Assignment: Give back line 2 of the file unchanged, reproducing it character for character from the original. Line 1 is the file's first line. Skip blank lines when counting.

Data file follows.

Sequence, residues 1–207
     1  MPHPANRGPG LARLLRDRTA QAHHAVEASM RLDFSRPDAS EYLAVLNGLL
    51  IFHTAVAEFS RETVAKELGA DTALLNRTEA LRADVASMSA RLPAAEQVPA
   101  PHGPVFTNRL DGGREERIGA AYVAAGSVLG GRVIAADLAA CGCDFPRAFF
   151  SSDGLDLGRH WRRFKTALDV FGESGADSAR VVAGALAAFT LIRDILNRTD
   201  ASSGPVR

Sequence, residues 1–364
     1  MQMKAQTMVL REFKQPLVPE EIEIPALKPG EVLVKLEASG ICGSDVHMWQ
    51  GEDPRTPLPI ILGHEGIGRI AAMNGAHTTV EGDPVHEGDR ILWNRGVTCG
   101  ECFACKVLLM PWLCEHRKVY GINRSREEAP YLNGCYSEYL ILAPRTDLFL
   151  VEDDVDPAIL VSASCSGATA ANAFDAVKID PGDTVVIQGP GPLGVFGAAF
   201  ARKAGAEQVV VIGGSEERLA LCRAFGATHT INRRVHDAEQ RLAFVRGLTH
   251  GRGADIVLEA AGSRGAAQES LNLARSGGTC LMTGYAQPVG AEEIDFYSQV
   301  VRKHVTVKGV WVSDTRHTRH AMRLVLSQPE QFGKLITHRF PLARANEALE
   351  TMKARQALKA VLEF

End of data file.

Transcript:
     1  MPHPANRGPG LARLLRDRTA QAHHAVEASM RLDFSRPDAS EYLAVLNGLL